“The main goal that this climb embodied was to create a sober community, both through fundraising and living it on the trip. We connected, had fun and enjoyed the adventure, all while being sober. The summit was just a bonus” – Nate Lanting

DAY 4 – Summit & Back Home – 11,500′

Photo courtesy Nate Lanting.

At 2 AM, Willie woke everyone up. It had started snowing at 8 PM, about two hours after everyone had gone to sleep, and by that time, there was a new foot of snow on the ground. The group prepped their glacier gear, headed over to the kitchen tent for oatmeal and coffee, put on their glacier gear setup, and readied themselves to safely go as far as possible through the new snow. Helmet, headlamp, harness, goggles, hard shells, ice axe, crampons, heavy gloves – check, all on. They began their trek through the snowy, blizzard-like, dark night. After twenty minutes, Willie, the lead guide, called it. There was just too much new snow and it was unsafe. The team topped out at 11,500’ and then headed back to camp to sleep for a couple hours until first light.
When there was light, the climbers began their descent, first setting down the mountain back toward Camp Muir, arriving there at 7:30 AM. Visibility was low, the wind was blowing, and it was snowing. A warm breakfast of pancakes and coffee at Weatherport provided a nice break from the elements before heading back down to Paradise. There were whiteout conditions until 7,500’, but the guides were able to navigate well using GPS tracking.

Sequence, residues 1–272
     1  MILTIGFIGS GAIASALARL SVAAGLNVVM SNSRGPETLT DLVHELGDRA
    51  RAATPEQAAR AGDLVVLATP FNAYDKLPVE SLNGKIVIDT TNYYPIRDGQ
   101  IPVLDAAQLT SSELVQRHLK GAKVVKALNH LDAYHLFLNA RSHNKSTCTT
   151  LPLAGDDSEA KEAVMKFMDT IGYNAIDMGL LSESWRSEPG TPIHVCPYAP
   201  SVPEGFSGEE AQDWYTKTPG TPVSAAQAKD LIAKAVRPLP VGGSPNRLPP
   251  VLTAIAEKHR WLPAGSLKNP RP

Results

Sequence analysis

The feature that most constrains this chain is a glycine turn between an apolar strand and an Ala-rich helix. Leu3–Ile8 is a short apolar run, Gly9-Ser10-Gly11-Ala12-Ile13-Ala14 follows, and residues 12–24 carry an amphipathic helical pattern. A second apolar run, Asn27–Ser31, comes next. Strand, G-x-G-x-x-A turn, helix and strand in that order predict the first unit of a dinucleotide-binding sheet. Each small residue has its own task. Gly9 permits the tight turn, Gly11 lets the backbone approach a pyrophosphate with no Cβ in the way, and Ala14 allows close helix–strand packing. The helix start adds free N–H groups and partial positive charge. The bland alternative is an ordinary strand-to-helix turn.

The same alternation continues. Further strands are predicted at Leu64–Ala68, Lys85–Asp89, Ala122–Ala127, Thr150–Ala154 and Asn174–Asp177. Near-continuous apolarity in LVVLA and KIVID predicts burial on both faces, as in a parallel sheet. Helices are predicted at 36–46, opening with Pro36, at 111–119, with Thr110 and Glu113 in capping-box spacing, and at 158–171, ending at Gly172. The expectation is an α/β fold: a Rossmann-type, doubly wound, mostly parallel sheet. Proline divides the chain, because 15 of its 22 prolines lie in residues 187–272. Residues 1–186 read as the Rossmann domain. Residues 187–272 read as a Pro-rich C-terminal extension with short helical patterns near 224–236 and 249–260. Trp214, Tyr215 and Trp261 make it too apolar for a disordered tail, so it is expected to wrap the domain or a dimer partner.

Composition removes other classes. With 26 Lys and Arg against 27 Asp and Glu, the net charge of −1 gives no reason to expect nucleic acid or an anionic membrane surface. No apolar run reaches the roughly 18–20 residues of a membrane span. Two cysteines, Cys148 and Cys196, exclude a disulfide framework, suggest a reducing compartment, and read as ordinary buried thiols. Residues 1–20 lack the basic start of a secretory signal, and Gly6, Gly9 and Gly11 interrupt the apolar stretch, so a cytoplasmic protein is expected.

Our fundraising climbers made it back down to Paradise at 12:15, feeling happy, thankful, and proud. By 1:15 PM, they had arrived back at IMG HQ, had a short debriefing, award ceremony, and an opportunity to share what the climb meant for everyone. All the fundraising climbers were thankful they were able to raise money to support addiction recovery. “Thank you’s” were shared with their guide, IMG, and with each other. A quick team photo and final goodbyes were met with “Let’s do this again!”

“It was a fun climb even without the summit.  We all knew we were physically ready but the weather had another plan for us.  The IMG experience was incredible.  They communicate well, train us properly while allowing adequate time for rest and certainly having hot, fresh meals available to us was a bonus.  The climb was great because normally most of us are volunteers on Recovery Beyond climbs/hikes and wear some type of leadership hat.  This climb we got to kind of “let our hair down” and climb as friends.  It was great.  I felt like there wasn’t a better group of people to share this experience with.  I also loved that we all had the common goal of fundraising for Recovery Beyond.  It’s always more fun to climb with a purpose.” – Becky Vinson